You're recommending the stupidest thing I've ever heard in refraction
    technique, but then that's why I have the license and you don't, thankfully.

    w.stacy, o.d.
     
    William Stacy, Jan 10, 2006
    #10
  11. acemanvx

    Guest Guest

    Nonsence, layman talk.
    If this was true , you did not have vision problems ace.
    Overminusing works the same way as low hyperopia as you already find out.
    Think about headaches, total fatigue, lack of concentration power etc.
    Speaking of concentration ace, hands above the sheets!

    And ace, whenever you respond it is internet etiquette to show to whom you
    respond (see the top of this message)

    --
    Free to Marcus Porcius Cato: ''Ceterum censeo Carthaginem esse delendam"

    In conclusion, I think that the "Otis therapy" should be destroyed

    Jan (normally Dutch spoken)
     
    Guest, Jan 10, 2006
    #11
  12. acemanvx

    otisbrown Guest

    Dear William,

    Subject: Refractive state of the natural eye -- in the open.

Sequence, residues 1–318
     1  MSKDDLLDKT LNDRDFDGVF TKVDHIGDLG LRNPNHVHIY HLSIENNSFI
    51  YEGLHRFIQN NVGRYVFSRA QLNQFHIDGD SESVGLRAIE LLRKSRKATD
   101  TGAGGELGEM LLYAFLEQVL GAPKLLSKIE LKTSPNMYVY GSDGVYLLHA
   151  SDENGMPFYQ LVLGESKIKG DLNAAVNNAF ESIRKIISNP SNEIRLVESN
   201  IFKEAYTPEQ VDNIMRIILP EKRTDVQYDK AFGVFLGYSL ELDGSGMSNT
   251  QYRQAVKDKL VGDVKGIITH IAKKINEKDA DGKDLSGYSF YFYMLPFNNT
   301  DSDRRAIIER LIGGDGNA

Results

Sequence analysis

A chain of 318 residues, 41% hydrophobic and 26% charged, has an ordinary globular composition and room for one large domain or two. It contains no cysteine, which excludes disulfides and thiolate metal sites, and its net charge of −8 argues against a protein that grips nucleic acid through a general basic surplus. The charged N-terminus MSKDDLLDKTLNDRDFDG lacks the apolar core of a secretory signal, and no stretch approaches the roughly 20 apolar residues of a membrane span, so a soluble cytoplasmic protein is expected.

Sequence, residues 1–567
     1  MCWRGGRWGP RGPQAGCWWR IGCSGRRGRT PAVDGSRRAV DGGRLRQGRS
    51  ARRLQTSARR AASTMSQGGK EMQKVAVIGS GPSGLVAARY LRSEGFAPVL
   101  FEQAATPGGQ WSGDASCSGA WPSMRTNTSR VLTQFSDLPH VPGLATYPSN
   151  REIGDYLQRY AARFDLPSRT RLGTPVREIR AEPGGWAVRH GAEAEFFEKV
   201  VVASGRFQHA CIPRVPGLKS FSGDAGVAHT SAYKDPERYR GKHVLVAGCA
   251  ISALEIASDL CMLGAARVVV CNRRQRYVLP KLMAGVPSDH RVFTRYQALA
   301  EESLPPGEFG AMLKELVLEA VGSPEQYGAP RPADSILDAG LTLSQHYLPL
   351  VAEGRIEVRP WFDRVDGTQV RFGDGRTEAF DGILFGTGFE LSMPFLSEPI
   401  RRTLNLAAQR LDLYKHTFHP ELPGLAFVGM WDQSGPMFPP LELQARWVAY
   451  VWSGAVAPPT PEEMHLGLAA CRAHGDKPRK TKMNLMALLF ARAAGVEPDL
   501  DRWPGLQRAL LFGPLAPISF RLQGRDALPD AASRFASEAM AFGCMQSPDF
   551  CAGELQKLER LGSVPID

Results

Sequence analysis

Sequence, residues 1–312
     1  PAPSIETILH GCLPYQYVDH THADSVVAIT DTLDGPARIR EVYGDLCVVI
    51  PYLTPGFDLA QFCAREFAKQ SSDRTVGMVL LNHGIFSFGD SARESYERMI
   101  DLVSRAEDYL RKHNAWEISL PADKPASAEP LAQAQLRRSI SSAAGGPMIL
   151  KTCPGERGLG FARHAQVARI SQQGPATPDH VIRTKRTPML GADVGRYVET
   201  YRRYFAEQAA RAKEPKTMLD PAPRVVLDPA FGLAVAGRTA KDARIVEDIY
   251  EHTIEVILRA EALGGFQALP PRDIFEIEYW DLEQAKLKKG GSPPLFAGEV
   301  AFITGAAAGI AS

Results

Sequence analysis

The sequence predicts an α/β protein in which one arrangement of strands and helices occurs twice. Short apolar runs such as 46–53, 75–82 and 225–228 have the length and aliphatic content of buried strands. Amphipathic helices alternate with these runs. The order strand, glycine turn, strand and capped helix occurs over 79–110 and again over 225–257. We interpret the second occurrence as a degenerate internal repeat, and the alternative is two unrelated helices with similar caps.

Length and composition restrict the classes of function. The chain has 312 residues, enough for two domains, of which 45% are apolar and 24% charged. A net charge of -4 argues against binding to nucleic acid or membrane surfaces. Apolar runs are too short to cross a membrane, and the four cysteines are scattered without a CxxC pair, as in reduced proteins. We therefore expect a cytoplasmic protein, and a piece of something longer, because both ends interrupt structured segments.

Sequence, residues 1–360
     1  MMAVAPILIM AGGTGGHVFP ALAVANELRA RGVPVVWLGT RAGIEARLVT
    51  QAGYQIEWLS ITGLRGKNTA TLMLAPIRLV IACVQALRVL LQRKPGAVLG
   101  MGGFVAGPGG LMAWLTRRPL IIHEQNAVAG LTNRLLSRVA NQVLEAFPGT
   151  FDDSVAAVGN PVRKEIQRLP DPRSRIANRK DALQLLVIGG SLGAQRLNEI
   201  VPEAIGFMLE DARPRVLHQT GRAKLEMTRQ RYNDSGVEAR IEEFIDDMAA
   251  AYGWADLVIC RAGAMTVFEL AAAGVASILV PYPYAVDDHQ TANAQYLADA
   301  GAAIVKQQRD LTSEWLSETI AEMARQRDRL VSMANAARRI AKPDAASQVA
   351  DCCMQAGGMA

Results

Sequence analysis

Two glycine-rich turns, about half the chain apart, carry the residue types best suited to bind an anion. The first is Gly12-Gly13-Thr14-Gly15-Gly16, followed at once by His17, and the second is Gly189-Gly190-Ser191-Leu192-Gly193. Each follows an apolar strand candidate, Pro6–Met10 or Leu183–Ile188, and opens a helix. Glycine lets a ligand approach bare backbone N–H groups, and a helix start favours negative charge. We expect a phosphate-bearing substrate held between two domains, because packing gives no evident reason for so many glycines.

Re: Refractive states dependent on the average visual enviroment --
    measured
    directly and objectively -- by Francis Young.

    It is true that the natural eye -- in the wild will have
    positive refractive states running from zero to plus-2 diotpers.

    Measured with a Snellen and Trial-lens frame. Measurement
    as previously described.

    For the primates, these refractive states form a gaussian
    distribution with an average value of about +0.75 diopters.

    Best,

    Otis
     
    otisbrown, Jan 11, 2006
    #12
  13. acemanvx

    Dom Guest

    No we don't. We tend to find the cylinder. It's not tricky at all if
    you're an optometrist.

    Who are the "-.25 guys with 20/40 [to] 20/100"? Where have you heard or
    read about them? I haven't come across these people.


    Remember, Ace, a little knowledge is a dangerous thing. You have a
    little knowledge. Be careful that you don't present yourself as having a
    comprehensive knowledge.

    Dom
     
    Dom, Jan 11, 2006